114 members of Congress urge the Biden-Harris administration to prioritize the humanitarian crisis in Cuba

0
34

WASHINGTON, USA — Representatives James P. McGovern (D-MA), Barbara Lee (D-CA), Gregory Meeks (D-NY), and Bobby Rush (D-IL) on Thursday, presented the Biden-Harris administration with a letter signed by 114 members of Congress that calls for immediate action to address the current humanitarian crisis in Cuba.

The letter asks the Biden-Harris administration to suspend US regulations that prevent food, medicine, and other humanitarian assistance from reaching the Cuban people, to remove all restrictions on family and non-family remittances, and to fully re-staff the US Embassy in Havana, with the necessary measures to ensure the safety of US personnel and resume consular services in Cuba.

Additionally, members are asking president Biden to roll back the Trump administration’s measures that restrict travel to Cuba, since they make it more difficult for Cuban-Americans to visit and reunite with family on the island, particularly for those with families outside of Havana, and limit mutually beneficial dialogue between the US and Cuban people. They also urge the Administration to remove Cuba from the State Sponsor of Terrorism (SSOT) list, as this designation places another roadblock in the path towards improved relations and creates further obstacles to purchasing or receiving humanitarian goods.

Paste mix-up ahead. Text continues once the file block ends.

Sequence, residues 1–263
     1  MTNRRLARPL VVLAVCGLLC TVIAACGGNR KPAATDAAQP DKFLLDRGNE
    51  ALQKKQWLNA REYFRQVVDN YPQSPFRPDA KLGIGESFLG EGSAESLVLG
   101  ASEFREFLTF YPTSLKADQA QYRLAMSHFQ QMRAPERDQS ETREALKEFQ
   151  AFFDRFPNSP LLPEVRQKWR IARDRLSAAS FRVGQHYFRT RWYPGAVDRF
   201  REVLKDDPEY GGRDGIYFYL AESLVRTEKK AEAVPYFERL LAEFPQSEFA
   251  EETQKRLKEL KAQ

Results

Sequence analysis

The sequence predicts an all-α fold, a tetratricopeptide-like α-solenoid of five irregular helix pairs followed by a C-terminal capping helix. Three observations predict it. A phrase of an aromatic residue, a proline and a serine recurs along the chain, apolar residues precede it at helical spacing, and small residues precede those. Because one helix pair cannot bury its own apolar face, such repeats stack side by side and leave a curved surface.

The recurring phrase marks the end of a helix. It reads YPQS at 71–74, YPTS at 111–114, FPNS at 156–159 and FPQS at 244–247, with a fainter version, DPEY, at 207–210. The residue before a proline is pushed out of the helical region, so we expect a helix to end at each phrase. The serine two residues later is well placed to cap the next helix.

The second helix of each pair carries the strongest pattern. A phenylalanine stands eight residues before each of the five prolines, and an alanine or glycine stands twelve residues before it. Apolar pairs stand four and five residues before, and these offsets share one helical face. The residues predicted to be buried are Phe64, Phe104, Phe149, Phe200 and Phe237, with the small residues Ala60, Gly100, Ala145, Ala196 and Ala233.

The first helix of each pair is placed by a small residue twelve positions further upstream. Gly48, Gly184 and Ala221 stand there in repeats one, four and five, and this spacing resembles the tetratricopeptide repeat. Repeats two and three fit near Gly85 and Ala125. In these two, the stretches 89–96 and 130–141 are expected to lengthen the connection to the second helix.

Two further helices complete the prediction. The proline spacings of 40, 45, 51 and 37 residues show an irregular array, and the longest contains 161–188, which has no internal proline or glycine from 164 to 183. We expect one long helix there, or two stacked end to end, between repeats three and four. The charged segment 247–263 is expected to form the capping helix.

The effort by a broad range of civil society actors has been crucial to expanding support for normalization and engagement efforts on the hill. Organizations and networks such as WOLA, CDA, LAWG, the ACERE alliance, Massachusetts Peace Action, the Fund for Reconciliation and Development, Cuban-American groups such as Cuban-Americans for Engagement (CAFE), and faith-based groups, including the Presbyterian Church Office of Public Witness, among many others, have conducted outreach to members of Congress to provide key information that demonstrates the value of re-establishing a US policy towards Cuba based on engagement. The considerable support for these policy suggestions is significant because it demonstrates a commitment to improve US policy despite clear inaction by the Biden-Harris administration.

WOLA’s assistant director for Cuba, Mariakarla Nodarse, emphasized:

“Hitting pause on the Cuba policy review in the name of democracy and human rights is not achieving either. On the contrary, it is prolonging the suffering of the Cuban people when it is clear that there are ample opportunities to improve the situation on the island by breaking the inertia and acting constructively.” 

“Strong and principled diplomacy and engagement with Cuba will allow the United States and Cuba to move forward on many pressing issues, including improving respect for human rights,” said Lisa Haugaard, co-director of the Latin America Working Group. “Ever-increasing sanctions leaves us all in the same, stuck place we’ve been for the last half-century – and hurts the Cuban people just as they face devastation from the global pandemic.” 

Jorge Quintana, executive director of the Center for Democracy in the Americas, stated:

“US policies of engagement have demonstrated clear results, while policies of hostility and tougher sanctions have only served to fuel crackdowns and aggravate hardship for ordinary Cubans. The Biden-Harris administration can perpetuate a sixty-year failed policy that does nothing but preserve the status quo or it can follow the recommendations in this letter to truly stand with the Cuban people.”

The letter is available here.

LEAVE A REPLY

Please enter your comment!
Please enter your name here